Another victorious amicus brief was joined in support of the VideoSoftware Dealers Association's fight against WashingtonState's controversial video game law that prohibited the sale orrental to anyone under the age of 17 of a game depicting violenceagainst law enforcement officers. A Federal District Judge threw thelaw out as unconstitutional on free speech grounds.

We joined a group of amici in filing a brief before the United StatesSupreme Court in City of Littleton v. Z.J. Gifts. At issue in thiscase was whether ordinances governing zoning laws as they apply toadult businesses guaranteed prompt judicial review or a promptjudicial decision. The Fund and our allies were pushing for a promptjudicial decision to be held as the standard, fearing that existingbusinesses that sideline in adult merchandise could be shut downpermanently due to business lost while their case moved through thelegal system. The Supremes unfortunately disagreed, upholding thestatus quo, stating, in essence, "trust the courts." Theproblematic aspect of this decision is that while prompt judicialreview is guaranteed, the wait for a decision could be potentiallyfatal to small stores.

There were no new developments in other amicus casework, includingTyne v. Time-Warner, an important Right of Publicity case in Florida,and Muslim Community Association of Ann Arbor v. John Ashcroft, animportant case challenging section 215 of the Patriot Act.

In addition to the above legal action, we experienced a change in themakeup of our Board of Directors. Founder and President Denis Kitchenretired from the Board after 18 years of service last summer, to bereplaced as President by Chris Staros, publisher of Top ShelfProductions. John Davis of Davis Marketing Services also stepped downfrom the Board to pursue other interests. In their absence, PaulLevitz, President and Publisher of DC Comics and Steve Geppi, Founderand President of Diamond Comic Distributors joined the CBLDF Board. Peter David, Neil Gaiman, Milton Griepp, Greg Ketter, FrankMangiaracina, and Louise Nemschoff were re-elected to serve on theBoard, with Griepp stepping into the role of Treasurer.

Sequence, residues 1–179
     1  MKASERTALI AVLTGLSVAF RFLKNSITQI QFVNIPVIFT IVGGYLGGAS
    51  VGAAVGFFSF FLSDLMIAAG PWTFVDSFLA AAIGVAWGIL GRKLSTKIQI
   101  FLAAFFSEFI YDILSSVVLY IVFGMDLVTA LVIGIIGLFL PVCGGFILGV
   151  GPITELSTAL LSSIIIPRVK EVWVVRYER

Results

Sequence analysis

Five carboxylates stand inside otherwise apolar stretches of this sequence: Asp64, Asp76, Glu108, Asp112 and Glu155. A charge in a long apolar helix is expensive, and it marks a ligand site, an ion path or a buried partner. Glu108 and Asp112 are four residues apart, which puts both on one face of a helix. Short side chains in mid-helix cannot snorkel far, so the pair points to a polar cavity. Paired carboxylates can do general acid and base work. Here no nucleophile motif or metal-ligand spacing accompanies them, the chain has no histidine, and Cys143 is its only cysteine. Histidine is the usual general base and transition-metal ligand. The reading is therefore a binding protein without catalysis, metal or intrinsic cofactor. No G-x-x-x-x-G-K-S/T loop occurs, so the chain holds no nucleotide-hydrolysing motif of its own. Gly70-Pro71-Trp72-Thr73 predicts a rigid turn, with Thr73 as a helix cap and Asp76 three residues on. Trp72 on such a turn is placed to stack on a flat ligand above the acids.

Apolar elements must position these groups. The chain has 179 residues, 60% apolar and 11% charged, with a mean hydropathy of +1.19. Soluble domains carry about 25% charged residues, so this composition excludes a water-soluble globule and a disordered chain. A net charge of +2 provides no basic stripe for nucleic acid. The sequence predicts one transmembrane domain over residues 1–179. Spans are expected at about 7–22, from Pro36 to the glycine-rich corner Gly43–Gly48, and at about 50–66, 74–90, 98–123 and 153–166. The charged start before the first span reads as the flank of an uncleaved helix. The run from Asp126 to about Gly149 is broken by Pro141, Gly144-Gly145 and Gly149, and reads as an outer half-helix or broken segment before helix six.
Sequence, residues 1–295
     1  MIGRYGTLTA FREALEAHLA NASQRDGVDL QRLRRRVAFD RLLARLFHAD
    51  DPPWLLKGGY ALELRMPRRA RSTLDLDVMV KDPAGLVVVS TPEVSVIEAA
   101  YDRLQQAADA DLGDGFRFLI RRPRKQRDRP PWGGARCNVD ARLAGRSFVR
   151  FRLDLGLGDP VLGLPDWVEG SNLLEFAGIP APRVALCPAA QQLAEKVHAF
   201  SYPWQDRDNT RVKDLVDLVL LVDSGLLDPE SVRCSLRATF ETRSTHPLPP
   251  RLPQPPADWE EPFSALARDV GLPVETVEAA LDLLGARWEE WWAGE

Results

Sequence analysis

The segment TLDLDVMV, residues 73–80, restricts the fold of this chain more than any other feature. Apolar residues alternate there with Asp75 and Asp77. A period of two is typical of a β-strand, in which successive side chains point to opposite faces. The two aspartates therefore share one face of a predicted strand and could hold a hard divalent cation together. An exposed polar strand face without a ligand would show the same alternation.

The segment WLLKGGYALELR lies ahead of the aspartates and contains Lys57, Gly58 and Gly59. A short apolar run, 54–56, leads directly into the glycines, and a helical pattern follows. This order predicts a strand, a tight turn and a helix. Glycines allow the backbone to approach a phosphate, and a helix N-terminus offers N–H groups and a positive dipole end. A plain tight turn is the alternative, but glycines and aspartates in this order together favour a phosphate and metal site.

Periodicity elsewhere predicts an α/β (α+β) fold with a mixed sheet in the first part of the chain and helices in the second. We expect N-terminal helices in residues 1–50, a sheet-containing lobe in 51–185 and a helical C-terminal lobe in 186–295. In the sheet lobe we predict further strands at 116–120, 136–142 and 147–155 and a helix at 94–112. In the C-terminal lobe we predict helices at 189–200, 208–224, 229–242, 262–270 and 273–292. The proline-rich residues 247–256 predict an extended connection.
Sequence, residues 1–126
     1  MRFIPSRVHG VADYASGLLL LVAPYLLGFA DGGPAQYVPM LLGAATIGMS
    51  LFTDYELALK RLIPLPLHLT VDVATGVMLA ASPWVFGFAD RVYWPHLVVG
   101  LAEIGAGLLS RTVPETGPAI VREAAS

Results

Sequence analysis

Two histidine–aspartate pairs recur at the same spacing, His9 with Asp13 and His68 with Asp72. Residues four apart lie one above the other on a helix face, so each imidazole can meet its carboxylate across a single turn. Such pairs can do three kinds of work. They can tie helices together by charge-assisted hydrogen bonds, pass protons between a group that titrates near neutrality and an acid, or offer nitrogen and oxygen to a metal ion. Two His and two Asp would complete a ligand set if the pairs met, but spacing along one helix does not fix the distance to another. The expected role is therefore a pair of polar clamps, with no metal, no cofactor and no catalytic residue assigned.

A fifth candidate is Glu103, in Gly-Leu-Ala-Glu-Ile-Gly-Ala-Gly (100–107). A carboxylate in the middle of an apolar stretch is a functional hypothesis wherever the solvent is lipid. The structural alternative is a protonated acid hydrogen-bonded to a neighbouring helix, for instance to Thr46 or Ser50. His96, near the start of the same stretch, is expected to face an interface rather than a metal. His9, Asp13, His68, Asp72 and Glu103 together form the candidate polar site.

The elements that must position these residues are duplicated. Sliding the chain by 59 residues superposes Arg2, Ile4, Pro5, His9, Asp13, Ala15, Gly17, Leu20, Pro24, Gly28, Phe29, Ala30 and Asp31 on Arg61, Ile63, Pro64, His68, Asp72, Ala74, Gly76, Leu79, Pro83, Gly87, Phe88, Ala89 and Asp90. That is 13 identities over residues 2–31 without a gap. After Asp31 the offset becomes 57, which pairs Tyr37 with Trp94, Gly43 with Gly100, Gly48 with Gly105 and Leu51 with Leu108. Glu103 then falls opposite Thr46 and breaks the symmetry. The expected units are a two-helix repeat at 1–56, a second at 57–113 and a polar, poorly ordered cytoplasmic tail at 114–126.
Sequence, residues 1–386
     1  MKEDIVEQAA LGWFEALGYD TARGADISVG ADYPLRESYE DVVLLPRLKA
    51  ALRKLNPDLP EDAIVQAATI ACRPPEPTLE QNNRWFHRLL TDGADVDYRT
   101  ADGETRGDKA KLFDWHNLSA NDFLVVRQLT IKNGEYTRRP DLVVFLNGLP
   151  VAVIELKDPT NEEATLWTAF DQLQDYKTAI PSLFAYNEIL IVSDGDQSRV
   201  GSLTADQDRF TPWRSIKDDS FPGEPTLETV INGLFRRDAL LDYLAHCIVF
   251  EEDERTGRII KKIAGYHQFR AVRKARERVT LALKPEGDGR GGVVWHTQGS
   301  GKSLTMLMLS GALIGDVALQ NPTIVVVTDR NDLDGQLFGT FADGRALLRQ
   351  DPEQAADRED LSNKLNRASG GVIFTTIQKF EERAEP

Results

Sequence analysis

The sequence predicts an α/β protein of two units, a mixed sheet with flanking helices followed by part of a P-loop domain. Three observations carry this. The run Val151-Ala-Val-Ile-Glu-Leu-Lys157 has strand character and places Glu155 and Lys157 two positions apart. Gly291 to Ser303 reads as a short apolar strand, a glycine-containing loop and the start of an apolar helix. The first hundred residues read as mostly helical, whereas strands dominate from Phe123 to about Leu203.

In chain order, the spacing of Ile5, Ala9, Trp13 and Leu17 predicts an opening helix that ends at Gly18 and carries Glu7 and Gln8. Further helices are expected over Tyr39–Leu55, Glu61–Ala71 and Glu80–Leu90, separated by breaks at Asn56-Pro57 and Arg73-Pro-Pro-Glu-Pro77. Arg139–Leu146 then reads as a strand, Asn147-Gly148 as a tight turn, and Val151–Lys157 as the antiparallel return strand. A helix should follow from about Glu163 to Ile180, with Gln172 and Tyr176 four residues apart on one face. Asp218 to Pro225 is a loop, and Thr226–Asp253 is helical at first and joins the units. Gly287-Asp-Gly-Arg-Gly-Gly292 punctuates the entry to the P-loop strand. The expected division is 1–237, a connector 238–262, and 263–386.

This was a positive year for fundraising, allowing the Fund to raise asubstantial increase to our war chest. The efforts of severalindividuals and organizations made this possible, most notably:Fiddler's Green, the Sandman convention whose committee raised inexcess of $45,000 for the CBLDF this November; SPX, which raised$22,000 for CBLDF; Jim Lee, whose continuing efforts earned him thedistinction of Defender of Liberty; as well as the dozens ofconvention organizers and hundreds of supporters whose contributionspaid for the Fund's legal work and war chest contribution throughthe year.

Going into the New Year, the Fund is as strong as it's ever been,thanks to the generous contributions of our supporters and the solidwork put in by our legal team. 2005 will have its share ofchallenges, with the Customs battle still developing and an overalltroubling climate for Free Speech. But, despite these challenges, weare in a position to continue to fight the good fight and ensure thatthe First Amendment rights of the comics community will continue to beguarded as we move forward.

As we close this year, we thank the many individuals who have made2004 a strong year for the Fund, and trust that we can continue tocount on your support in the year to come.


Charles Brownstein

Executive Director

How Dungeons & Dragons Quietly Took Over Pop Culture

More in Comics